Lebanon News

Assir follower killed in Iraq suicide attack

Rashed Abi Zeid, also known as “Abu Adam,” is a Sidon resident who reportedly carried out a suicide attack in the Iraqi province of Al-Anbar Friday. (Photo Courtesy Al-Anbar.)

SIDON, Lebanon: A follower of fugitive firebrand sheikh Ahmad Assir was killed while carrying out a suicide bombing operation in Iraq over the weekend. Rashed Bassam Abou Zeid, also known as “Abu Adam,” was a Sidon resident who reportedly carried out the mission in the Iraqi province of Anbar Friday, a security source told The Daily Star.

ISIS-affiliated Twitter accounts named him as one of the three bombers who coordinated attacks Friday near the Anbar Operations Command, west of the city of Ramadi. The attack came as ISIS militants seized the main government compound in Ramadi, raising their black flag over the facility and torching the police headquarters.

In a Twitter post Saturday, Assir described Abu Adam as “a likeable young man whom I met at Bilal bin Rabah Mosque.”

“He was protective of Islam and Muslims until the day he was killed in Anbar,” he added.

Abou Zeid’s family Friday announced their son’s death but did not disclose how or where he was killed. The statement circulated by the family said their son was “martyred on May 15, 2015, outside of Lebanon.” The family accepted condolences Sunday.

Pictures have already been distributed by ISIS to confirm that Abou Zeid had carried out the attack in Anbar.

Security forces had been on the lookout for “Abu Adam” after he left Lebanon for Turkey roughly two months ago.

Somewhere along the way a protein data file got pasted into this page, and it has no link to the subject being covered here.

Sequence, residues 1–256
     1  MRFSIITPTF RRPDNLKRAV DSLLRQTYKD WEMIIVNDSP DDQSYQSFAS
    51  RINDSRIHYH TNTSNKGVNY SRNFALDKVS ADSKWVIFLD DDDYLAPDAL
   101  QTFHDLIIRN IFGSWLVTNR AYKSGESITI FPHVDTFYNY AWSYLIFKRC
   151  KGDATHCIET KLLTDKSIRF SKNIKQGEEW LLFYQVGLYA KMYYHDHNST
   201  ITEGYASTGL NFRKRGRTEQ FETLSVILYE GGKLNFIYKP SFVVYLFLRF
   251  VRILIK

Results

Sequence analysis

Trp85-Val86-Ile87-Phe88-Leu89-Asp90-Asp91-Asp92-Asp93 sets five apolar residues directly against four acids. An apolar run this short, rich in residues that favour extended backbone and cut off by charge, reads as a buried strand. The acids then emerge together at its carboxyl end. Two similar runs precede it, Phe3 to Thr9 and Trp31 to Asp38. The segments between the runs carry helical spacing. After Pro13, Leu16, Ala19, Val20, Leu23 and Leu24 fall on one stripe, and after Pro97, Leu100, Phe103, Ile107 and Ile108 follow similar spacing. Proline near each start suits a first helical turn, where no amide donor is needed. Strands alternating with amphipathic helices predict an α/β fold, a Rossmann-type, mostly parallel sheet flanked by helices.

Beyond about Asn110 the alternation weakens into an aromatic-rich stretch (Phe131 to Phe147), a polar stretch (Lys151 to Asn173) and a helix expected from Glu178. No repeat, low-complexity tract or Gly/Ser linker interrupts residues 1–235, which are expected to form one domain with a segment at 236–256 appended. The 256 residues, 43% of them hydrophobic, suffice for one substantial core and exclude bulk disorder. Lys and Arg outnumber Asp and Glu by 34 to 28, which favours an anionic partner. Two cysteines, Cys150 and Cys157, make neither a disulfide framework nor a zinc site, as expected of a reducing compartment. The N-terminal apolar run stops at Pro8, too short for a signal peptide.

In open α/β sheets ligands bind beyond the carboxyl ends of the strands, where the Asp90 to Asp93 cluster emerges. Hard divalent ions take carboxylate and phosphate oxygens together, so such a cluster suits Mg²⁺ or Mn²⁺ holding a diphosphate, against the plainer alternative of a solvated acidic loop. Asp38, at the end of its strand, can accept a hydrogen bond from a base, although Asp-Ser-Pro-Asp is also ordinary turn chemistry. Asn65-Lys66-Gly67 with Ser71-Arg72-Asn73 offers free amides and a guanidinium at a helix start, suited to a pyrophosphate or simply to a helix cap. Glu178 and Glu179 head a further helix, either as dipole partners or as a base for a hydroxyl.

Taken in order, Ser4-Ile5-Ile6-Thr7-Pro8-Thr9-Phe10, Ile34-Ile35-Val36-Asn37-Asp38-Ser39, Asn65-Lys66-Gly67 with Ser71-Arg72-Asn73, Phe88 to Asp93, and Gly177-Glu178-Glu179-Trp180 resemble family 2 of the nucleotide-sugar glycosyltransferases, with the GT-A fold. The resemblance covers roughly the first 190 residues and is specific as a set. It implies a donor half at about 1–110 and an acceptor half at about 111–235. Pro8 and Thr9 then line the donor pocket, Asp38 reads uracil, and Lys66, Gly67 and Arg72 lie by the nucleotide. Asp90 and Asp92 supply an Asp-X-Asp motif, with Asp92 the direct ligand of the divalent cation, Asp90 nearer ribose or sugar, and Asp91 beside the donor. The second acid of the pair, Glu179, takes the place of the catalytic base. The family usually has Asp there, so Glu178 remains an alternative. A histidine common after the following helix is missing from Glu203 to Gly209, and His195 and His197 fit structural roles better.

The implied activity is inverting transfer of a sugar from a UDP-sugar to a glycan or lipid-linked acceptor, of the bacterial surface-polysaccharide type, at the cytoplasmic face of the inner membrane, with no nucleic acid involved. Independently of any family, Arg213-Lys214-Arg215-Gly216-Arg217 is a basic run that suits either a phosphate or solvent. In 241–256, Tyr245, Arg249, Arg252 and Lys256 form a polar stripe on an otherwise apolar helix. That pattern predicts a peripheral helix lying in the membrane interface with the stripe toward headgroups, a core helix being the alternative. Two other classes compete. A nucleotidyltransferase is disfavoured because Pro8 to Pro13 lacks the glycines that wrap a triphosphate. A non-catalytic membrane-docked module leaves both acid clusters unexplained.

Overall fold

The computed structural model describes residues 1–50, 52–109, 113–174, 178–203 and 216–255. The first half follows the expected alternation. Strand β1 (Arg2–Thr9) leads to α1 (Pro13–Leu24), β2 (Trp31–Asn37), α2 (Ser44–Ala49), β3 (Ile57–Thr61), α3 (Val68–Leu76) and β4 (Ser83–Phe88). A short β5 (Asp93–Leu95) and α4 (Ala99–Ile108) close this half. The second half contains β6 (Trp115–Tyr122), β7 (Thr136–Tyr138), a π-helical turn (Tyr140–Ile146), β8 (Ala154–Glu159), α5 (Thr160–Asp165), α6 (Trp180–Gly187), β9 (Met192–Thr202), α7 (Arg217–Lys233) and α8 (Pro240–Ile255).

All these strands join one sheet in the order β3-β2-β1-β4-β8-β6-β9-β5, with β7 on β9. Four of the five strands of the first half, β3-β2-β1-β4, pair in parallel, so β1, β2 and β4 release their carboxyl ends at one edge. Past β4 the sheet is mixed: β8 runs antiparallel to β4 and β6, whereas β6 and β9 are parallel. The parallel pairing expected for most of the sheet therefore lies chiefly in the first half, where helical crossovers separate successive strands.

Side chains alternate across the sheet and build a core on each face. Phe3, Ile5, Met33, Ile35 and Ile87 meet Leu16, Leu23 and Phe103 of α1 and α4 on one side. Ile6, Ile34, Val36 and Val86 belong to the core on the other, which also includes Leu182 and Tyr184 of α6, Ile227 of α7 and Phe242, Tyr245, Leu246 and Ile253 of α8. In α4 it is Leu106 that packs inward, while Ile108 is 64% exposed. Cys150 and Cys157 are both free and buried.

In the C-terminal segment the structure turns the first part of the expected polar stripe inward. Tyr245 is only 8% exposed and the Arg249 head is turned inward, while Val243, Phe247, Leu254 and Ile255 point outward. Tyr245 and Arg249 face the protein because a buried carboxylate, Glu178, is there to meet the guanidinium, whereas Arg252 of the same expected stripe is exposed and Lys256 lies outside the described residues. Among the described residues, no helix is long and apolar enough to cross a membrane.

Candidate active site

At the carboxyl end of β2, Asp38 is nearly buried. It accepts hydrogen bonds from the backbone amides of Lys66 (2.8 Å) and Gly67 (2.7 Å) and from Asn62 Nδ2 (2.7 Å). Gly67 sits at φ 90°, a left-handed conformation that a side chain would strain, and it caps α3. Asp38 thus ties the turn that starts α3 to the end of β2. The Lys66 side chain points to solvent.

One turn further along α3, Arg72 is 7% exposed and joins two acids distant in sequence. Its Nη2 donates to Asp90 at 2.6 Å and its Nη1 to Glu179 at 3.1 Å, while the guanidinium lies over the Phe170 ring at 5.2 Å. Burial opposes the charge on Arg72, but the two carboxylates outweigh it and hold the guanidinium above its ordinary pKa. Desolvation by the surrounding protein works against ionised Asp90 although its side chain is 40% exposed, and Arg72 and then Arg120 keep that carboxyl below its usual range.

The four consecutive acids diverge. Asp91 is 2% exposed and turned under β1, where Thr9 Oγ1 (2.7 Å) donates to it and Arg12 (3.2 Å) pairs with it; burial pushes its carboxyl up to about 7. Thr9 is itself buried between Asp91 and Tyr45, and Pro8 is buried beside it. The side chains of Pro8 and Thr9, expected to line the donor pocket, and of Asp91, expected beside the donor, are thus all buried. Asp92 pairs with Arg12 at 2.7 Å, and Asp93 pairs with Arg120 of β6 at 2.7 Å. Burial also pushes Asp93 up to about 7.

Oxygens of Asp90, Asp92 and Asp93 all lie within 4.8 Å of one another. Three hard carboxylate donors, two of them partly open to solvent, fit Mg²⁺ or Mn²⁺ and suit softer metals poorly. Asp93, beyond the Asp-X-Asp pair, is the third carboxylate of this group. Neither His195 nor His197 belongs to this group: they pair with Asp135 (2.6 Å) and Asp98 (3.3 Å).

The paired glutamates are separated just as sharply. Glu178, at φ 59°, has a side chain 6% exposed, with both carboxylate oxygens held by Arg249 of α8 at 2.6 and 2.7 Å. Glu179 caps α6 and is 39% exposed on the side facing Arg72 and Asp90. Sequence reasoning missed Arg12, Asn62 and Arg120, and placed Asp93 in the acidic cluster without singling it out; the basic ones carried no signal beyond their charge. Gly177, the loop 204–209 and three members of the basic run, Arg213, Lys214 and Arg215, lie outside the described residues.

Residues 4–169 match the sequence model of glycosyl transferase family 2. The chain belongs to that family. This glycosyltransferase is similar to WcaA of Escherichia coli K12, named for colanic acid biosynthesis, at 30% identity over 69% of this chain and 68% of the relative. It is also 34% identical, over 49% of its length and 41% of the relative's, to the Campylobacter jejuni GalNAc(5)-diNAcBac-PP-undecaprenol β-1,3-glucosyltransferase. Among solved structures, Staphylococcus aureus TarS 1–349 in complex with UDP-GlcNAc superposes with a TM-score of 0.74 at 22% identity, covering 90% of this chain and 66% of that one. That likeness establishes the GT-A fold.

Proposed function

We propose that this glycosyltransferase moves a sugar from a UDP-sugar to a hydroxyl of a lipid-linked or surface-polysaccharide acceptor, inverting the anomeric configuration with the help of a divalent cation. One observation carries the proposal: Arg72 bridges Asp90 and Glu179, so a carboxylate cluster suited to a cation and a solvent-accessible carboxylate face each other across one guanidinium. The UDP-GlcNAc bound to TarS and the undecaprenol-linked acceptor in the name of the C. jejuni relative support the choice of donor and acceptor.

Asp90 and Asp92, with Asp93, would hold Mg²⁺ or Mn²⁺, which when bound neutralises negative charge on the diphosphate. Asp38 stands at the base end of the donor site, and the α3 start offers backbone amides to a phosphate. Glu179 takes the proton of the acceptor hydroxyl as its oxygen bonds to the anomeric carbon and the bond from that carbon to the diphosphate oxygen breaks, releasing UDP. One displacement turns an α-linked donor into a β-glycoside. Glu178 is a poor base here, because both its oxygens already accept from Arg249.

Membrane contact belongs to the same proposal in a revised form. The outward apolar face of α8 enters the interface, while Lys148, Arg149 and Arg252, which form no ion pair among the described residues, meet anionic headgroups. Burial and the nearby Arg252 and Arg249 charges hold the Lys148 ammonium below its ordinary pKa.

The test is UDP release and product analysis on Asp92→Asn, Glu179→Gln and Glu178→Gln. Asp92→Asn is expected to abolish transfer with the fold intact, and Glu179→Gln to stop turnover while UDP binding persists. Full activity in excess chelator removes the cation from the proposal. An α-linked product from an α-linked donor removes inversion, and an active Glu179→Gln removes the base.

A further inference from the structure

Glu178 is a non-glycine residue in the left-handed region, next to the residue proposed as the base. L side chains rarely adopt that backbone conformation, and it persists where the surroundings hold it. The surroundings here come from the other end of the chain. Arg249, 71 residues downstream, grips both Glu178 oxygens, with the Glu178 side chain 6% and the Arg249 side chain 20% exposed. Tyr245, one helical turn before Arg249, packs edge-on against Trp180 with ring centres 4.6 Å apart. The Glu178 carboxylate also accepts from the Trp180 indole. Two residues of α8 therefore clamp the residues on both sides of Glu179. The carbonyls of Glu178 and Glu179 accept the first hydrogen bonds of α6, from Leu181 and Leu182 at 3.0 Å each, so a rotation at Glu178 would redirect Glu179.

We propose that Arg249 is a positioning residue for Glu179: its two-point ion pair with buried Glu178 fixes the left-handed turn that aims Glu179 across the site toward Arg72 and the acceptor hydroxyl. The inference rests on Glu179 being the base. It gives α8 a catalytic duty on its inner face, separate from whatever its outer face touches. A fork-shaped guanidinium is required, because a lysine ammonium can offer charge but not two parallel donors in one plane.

This isn’t the first time an Assir follower is believed to have died fighting for jihadi elements outside Lebanon. Nader Mohammad Rifai, a Sidon native, was reportedly killed while fighting in Iraq, it was announced in March.

Rifai is suspected of fighting alongside Assir against the Lebanese Army in the 2013 clashes in the Sidon suburb of Abra.

Some months ago, Hasan Abdel-Nasser Ghandour, another follower, died after fighting alongside rebel groups in Syria. Also a participant of the Abra clashes, Ghandour, known by his nom du guerre “Abu Jaafar,” headed to Syria to fight with the Nusra Front, security sources said at the time. He emerged as a suspect in numerous suicide bombings that shook Lebanon between 2013-2014. Another Assir follower, Fadi al-Sousi was also said to have died in Syria.

Many supporters of Assir have gone into hiding in the aftermath of the battle with the Lebanese Army in Abra.

Security forces have beefed up efforts to track down the fugitives, especially after several Assir supporters were linked to a number of suicide bombings in Lebanon.

According to a source, security forces in Sidon have been raiding homes of suspected Assir followers as part of a campaign aimed at foiling terrorist operations across Lebanon.

Assir was the imam of the Bilal bin Rabah Mosque in Abra, near the site of the 2013 clashes, and was a fierce opponent of Hezbollah and its activities in Lebanon.

He claimed that the Lebanese government was controlled by Hezbollah and that state institutions, especially the security forces, were acting against Sunnis.

The clashes in Abra resulted in the deaths of 18 Army soldiers and around 40 of Assir’s followers. The Army also apprehended 46 suspects during the fighting.

 
A version of this article appeared in the print edition of The Daily Star on May 18, 2015, on page 4.

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